When invoked by a
new expression for a given type, the default global non-placement forms of
operator new attempt to allocate sufficient storage for an object of the type and, if successful, return a pointer with alignment suitable for any object with a fundamental alignment requirement. However, the default placement
new operator simply returns the given pointer back to the caller without guaranteeing that there is sufficient space in which to construct the object or ensuring that the pointer meets the proper alignment requirements. The C++ Standard, [expr.new], paragraph 16 [ISO/IEC 14882-2014], nonnormatively states the following:
[Note: when the allocation function returns a value other than null, it must be a pointer to a block of storage in which space for the object has been reserved. The block of storage is assumed to be appropriately aligned and of the requested size. The address of the created object will not necessarily be the same as that of the block if the object is an array. —end note]
(This note is a reminder of the general requirements specified by the C++ Standard, [basic.stc.dynamic.allocation], paragraph 1, which apply to placement
new operators by virtue of [basic.stc.dynamic], paragraph 3.)
In addition, the standard provides the following example later in the same section:
new(2, f) Tresults in a call
of operator new(sizeof(T) * 5 + y, 2, f).
yare non-negative unspecified values representing array allocation overhead; the result of the new-expression will be offset by this amount from the value returned by
operator new. This overhead may be applied in all array new-expressions, including those referencing the library function
operator new(std::size_t, void*)and other placement allocation functions. The amount of overhead may vary from one invocation of new to another.
Do not pass a pointer that is not suitably aligned for the object being constructed to placement
new. Doing so results in an object being constructed at a misaligned location, which results in undefined behavior. Do not pass a pointer that has insufficient storage capacity for the object being constructed, including the overhead required for arrays. Doing so may result in initialization of memory outside of the bounds of the object being constructed, which results in undefined behavior.
Finally, do not use placement
new on any platform that does not specify a limit for the overhead it requires.
Noncompliant Code Example
In this noncompliant code example, a pointer to a
short is passed to placement
new, which is attempting to initialize a
long. On architectures where
sizeof(short) < sizeof(long), this results in undefined behavior. This example, and subsequent ones, all assume the pointer returned by placement
new will not be used after the lifetime of its underlying storage has ended. For instance, the pointer will not be stored in a
static global variable and dereferenced after the call to
f() has ended. This assumption is in conformance with MEM50-CPP. Do not access freed memory.
Noncompliant Code Example
This noncompliant code example ensures that the
long is constructed into a buffer of sufficient size. However, it does not ensure that the alignment requirements are met for the pointer passed into placement
new. To make this example clearer, an additional local variable
c has also been declared.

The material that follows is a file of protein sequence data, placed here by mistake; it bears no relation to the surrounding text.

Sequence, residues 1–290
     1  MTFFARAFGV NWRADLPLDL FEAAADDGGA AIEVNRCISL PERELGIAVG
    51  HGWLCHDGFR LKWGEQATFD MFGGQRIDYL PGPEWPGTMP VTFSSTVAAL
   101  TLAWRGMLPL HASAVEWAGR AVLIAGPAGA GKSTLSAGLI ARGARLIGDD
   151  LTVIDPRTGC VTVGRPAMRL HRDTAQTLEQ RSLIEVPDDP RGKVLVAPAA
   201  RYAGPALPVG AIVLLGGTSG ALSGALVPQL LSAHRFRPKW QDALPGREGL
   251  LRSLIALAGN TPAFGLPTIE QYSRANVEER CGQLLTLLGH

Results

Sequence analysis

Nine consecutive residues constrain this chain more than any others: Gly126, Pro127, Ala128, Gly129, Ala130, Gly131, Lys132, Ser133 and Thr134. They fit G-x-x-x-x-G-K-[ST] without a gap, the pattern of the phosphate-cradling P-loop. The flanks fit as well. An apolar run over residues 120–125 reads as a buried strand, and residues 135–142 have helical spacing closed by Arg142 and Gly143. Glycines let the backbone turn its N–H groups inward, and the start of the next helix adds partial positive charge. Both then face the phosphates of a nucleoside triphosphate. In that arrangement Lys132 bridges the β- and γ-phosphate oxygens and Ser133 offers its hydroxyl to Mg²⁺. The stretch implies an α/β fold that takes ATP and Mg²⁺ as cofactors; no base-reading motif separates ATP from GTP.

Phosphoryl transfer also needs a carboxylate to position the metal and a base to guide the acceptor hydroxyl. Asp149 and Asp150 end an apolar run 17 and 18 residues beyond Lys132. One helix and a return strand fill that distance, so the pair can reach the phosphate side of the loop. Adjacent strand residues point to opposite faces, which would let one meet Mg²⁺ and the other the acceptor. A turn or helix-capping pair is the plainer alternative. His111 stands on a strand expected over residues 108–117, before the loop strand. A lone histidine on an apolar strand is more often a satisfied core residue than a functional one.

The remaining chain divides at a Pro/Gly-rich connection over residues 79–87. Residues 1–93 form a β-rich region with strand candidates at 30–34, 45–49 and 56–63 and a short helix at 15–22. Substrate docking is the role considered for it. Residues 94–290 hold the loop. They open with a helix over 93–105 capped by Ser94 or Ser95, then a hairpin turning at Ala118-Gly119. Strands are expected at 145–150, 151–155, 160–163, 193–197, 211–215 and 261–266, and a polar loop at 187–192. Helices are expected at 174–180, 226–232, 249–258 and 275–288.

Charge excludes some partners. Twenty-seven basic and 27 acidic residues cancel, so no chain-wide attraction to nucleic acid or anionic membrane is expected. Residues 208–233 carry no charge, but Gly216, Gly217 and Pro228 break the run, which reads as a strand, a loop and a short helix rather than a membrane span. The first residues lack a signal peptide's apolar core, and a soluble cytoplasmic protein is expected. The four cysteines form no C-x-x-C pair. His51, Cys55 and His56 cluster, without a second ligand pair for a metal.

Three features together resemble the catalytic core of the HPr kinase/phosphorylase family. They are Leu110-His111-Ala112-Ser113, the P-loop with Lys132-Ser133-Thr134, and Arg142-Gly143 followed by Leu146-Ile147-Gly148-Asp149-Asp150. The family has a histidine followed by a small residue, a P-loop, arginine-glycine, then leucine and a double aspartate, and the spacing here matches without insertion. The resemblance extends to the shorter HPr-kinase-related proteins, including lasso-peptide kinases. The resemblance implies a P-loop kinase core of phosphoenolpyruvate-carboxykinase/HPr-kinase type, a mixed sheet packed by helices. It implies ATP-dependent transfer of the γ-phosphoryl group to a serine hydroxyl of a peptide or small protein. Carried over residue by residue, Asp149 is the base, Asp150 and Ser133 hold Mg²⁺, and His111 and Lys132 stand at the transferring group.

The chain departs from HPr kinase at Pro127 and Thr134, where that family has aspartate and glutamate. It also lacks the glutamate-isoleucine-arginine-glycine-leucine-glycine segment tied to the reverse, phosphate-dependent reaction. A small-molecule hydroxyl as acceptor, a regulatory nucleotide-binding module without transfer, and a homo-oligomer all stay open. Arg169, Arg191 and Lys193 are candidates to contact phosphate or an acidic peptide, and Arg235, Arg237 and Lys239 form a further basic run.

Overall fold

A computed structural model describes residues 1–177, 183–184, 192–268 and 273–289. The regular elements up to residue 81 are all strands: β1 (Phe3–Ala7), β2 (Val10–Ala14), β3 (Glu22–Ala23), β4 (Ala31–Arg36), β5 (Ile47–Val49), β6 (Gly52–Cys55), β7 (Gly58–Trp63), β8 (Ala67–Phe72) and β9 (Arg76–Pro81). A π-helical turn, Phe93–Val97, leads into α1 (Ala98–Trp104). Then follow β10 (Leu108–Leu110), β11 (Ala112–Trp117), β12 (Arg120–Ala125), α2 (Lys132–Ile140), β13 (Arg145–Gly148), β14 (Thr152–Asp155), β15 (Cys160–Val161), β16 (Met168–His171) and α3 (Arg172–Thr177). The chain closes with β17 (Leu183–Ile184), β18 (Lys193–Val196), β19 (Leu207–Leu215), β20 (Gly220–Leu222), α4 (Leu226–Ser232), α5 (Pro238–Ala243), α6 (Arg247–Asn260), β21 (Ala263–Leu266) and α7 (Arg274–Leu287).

Compliant Solution (
In this compliant solution, the
alignas declaration specifier is used to ensure the buffer is appropriately aligned for a
Compliant Solution (
This compliant solution ensures that the
long is constructed into a buffer of sufficient size and with suitable alignment.
Noncompliant Code Example (Failure to Account for Array Overhead)
This noncompliant code example attempts to allocate sufficient storage of the appropriate alignment for the array of objects of
S. However, it fails to account for the overhead an implementation may add to the amount of storage for array objects. The overhead (commonly referred to as a cookie) is necessary to store the number of elements in the array so that the array delete expression or the exception unwinding mechanism can invoke the type's destructor on each successfully constructed element of the array. While some implementations are able to avoid allocating space for the cookie in some situations, assuming they do in all cases is unsafe.
Compliant Solution (Clang/GCC)
The amount of overhead required by array new expressions is unspecified but ideally would be documented by quality implementations. The following compliant solution is specifically for the Clang and GNU GCC compilers, which guarantee that the overhead for dynamic array allocations is a single value of type
size_t. (Note that this value is often treated as a "-1th" element in the array, so the actual space used may be larger.) To verify that the assumption is, in fact, safe, the compliant solution also overloads the placement
new operator to accept the buffer size as a third argument and verifies that it is not smaller than the total amount of storage required.
Porting this compliant solution to other implementations requires adding similar conditional definitions of the overhead constant, depending on the constraints of the platform.
|Axivion Bauhaus Suite|
C++3119, C++3128, DF3520, DF3521, DF3522, DF3523
|LDRA tool suite|
Do not pass a pointer that has insufficient storage capacity or that is not suitably aligned for the object being constructed to placement 'new'
|Polyspace Bug Finder|
|CERT C++: MEM54-CPP||Checks for placement new used with insufficient storage or misaligned pointers (rule fully covered)|
Search for CERT website.resulting from the violation of this rule on the
|[ISO/IEC 14882-2014]||Subclause 3.7.4, "Dynamic Storage Duration"|
Subclause 5.3.4, "New"